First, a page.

Searchers Dig as Mexico City Reopens Just 1 Percent of Schools

MEXICO CITY (AP) -
Rescue workers use a crane to lift a section of concrete floor as they remove rubble in hopes of reaching dozens of people believed to be trapped inside a collapsed office building since a 7.1 magnitude earthquake, in the Roma Norte neighborhood of Mexico City, early Monday. (AP Photo/Rebecca Blackwell)

Search teams were still digging in dangerous piles of rubble Monday, hoping against the odds to find survivors in collapsed buildings in Mexico City, where the death toll from the Sept. 19 earthquake rose to 186, and 324 nationwide.

Officials said they had cleared only 103 of Mexico City’s nearly 9,000 schools to reopen Monday.

The need to inspect 98 percent of the capital’s public and private schools nearly a week after a magnitude 7.1 earthquake was a stark indicator of just how long the path back to normalcy will be.

Federal Education Secretary Aurelio Nuno said it could take a couple more weeks to inspect all of the schools, and the government will announce each day which schools have been cleared to resume classes. For schools found to have structural damage, students could be put in temporary classrooms.

“For the safety of the boys, the girls, the teachers and for the peace of mind, of course, of all the fathers and all the mothers, all schools will be inspected,” Nuno said.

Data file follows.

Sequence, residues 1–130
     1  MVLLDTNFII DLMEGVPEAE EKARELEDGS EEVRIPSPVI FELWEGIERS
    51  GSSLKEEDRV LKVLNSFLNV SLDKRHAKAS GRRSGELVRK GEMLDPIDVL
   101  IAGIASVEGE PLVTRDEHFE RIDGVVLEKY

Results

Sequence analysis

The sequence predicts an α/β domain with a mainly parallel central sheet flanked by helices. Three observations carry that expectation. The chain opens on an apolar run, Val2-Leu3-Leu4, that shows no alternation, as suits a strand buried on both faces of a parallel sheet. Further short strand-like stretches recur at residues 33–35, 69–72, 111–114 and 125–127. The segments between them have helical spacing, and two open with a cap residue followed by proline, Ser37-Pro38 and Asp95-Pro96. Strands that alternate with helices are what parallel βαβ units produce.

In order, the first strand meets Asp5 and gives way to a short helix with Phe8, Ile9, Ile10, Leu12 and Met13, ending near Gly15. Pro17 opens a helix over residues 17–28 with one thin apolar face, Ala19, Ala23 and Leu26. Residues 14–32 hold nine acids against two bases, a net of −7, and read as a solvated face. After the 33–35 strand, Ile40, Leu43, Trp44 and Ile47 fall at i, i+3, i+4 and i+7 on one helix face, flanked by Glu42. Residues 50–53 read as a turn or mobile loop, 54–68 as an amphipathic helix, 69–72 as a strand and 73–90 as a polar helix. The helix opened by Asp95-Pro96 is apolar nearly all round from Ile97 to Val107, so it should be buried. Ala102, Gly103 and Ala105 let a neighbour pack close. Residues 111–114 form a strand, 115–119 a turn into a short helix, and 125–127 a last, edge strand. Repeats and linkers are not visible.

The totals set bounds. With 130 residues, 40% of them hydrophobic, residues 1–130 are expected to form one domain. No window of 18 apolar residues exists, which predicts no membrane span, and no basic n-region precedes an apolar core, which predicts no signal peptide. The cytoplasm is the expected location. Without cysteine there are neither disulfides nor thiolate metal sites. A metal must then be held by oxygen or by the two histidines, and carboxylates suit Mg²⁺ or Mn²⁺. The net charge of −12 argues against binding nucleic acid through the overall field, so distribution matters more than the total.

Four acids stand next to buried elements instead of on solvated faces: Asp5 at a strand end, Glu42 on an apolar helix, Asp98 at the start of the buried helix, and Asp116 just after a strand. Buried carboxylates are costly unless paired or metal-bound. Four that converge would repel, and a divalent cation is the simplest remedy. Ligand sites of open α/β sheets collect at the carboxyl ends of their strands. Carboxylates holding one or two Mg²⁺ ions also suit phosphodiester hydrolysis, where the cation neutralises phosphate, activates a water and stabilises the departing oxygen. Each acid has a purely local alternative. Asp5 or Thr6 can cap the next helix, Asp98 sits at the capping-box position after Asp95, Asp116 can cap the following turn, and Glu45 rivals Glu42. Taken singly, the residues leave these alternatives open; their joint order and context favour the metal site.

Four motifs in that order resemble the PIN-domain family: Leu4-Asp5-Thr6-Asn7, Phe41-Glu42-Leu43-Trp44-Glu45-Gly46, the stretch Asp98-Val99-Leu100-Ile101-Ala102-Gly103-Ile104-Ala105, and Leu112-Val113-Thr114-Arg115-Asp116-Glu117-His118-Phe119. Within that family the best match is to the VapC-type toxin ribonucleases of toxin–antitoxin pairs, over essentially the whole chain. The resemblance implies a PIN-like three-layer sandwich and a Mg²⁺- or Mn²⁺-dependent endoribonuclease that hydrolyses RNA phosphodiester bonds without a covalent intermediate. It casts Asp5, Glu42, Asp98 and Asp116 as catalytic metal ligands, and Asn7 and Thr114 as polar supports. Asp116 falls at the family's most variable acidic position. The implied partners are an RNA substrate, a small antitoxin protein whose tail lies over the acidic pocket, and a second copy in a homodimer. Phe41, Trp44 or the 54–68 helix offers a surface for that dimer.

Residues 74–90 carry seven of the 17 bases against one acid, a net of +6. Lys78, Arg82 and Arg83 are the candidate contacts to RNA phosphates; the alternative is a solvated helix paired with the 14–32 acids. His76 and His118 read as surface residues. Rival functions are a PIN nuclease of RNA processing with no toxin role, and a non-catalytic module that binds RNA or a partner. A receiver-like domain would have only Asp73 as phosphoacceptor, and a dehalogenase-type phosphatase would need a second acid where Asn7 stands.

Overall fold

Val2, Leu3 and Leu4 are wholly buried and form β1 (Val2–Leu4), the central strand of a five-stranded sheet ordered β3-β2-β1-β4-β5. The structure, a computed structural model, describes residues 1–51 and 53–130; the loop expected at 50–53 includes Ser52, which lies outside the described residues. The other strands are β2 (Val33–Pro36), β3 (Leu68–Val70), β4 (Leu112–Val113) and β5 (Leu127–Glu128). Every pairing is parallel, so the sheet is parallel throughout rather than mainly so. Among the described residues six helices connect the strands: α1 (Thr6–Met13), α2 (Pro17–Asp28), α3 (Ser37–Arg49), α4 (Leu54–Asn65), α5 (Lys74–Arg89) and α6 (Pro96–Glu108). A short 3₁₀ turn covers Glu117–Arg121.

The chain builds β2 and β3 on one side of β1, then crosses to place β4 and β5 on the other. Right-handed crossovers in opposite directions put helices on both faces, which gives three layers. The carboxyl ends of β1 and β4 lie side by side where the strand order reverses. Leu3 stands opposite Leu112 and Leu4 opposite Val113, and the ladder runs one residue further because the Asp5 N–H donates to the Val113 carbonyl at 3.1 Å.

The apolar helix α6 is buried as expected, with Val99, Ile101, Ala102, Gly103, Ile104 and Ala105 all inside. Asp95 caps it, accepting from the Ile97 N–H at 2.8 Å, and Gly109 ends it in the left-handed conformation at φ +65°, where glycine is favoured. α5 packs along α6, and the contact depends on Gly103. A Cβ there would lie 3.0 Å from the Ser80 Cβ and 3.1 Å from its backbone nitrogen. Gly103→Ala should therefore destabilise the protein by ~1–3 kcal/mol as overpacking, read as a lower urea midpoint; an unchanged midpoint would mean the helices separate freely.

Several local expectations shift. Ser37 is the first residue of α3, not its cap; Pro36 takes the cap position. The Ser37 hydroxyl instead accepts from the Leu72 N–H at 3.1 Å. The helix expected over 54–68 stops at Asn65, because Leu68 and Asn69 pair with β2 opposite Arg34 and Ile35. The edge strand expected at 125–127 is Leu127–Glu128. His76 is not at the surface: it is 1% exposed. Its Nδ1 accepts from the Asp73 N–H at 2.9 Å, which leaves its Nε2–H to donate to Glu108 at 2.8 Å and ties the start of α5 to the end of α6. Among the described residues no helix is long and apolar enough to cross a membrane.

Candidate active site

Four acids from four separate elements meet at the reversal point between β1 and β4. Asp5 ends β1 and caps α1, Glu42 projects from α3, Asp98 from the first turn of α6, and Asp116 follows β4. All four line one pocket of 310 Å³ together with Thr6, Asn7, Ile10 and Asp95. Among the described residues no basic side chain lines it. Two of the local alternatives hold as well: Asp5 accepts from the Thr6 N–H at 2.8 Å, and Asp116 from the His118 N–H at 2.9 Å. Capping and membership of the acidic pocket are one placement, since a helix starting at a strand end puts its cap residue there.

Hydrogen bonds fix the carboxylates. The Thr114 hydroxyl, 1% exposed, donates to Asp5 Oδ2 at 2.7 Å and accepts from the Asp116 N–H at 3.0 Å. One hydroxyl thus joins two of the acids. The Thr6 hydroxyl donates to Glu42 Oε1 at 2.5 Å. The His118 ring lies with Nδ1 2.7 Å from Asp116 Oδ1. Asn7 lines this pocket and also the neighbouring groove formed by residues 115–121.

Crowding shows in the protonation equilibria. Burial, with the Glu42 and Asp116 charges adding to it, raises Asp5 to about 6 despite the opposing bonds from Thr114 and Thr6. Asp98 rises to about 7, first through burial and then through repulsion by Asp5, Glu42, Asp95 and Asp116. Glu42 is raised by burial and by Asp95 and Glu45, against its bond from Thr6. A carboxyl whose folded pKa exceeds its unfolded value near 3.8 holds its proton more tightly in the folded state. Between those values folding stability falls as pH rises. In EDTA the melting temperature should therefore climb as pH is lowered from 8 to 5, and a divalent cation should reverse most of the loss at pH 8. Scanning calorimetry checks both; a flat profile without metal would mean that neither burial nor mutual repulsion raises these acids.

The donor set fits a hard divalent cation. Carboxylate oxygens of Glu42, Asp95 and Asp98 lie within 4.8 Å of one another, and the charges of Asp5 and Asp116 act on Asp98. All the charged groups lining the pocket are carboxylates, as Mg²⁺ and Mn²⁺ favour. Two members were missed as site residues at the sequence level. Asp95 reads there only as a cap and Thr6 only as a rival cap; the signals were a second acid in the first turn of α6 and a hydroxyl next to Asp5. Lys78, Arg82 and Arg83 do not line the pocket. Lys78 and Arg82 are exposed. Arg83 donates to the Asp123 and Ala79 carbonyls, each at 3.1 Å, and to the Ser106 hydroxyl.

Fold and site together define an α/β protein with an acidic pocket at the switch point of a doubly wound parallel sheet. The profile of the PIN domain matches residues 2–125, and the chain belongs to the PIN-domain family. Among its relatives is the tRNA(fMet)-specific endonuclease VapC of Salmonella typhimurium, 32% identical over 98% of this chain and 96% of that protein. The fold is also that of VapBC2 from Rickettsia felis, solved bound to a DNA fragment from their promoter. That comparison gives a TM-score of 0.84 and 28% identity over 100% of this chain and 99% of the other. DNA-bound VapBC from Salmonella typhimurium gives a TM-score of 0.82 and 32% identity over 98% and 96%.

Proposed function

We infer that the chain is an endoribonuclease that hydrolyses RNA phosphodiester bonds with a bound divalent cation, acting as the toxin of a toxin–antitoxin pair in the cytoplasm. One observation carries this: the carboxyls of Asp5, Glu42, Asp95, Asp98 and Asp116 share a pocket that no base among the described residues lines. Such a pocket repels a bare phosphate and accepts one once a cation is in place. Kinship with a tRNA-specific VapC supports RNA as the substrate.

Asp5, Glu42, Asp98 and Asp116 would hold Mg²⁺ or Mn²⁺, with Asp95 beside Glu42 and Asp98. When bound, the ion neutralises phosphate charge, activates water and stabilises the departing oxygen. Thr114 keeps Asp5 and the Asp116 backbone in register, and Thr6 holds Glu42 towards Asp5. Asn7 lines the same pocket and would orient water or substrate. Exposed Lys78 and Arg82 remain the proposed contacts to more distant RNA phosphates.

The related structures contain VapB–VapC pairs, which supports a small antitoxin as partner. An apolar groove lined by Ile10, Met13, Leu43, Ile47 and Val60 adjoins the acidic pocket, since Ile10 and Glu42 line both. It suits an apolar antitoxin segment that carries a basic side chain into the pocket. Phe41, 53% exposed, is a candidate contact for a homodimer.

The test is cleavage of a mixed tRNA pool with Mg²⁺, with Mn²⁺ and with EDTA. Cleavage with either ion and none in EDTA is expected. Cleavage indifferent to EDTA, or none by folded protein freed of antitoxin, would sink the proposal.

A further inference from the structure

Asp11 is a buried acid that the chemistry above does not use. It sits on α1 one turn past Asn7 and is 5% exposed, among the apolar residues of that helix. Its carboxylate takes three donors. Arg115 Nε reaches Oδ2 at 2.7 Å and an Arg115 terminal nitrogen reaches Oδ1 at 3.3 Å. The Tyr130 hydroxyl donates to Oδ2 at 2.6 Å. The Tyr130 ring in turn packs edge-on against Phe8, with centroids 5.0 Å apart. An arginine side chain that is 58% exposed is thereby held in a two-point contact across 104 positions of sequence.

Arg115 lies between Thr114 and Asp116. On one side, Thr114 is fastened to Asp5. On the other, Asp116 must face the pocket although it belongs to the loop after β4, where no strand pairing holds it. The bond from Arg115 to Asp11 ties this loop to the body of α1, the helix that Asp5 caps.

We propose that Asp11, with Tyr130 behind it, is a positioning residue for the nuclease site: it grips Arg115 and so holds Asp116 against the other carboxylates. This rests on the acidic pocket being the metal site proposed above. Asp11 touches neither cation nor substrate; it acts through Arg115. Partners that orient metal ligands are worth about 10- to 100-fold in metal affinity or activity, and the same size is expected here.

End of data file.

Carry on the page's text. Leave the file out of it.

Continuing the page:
Rescue operations aimed at finding living survivors remained active in at least three sites in Mexico City — two apartment buildings and an office building — but hope dimmed every time rescuers had to retreat due to instability of debris. But no one has been found alive since Wednesday, when a woman was pulled from debris.

A total of 38 buildings in the Mexican capital — mostly apartment blocks or office buildings — collapsed in Tuesday’s earthquake.

The first days saw a dramatic scramble with picks, shovels and bare hands to reach survivors, and well over 100 were saved.

Thousands of people are homeless because their houses or apartment buildings, while still standing, are too dangerous.

Mexico City Mayor Miguel Angel Mancera said about 9,000 damaged properties had been examined so far and more than 8,000 were deemed safe, needing only minor repairs.

Mancera told the Televisa network that about 700 were going to need some repairs but would be habitable again. About 300 either needed major structural reinforcement or would have to be demolished.

One by one, the searches have closed down in recent days, after sniffer dogs were sent in and didn’t find life and thermal imaging devices turned up no body heat signatures. Heavy machinery moved in to begin removing the mountains of debris. Empty lots began to appear where just days ago a building stood.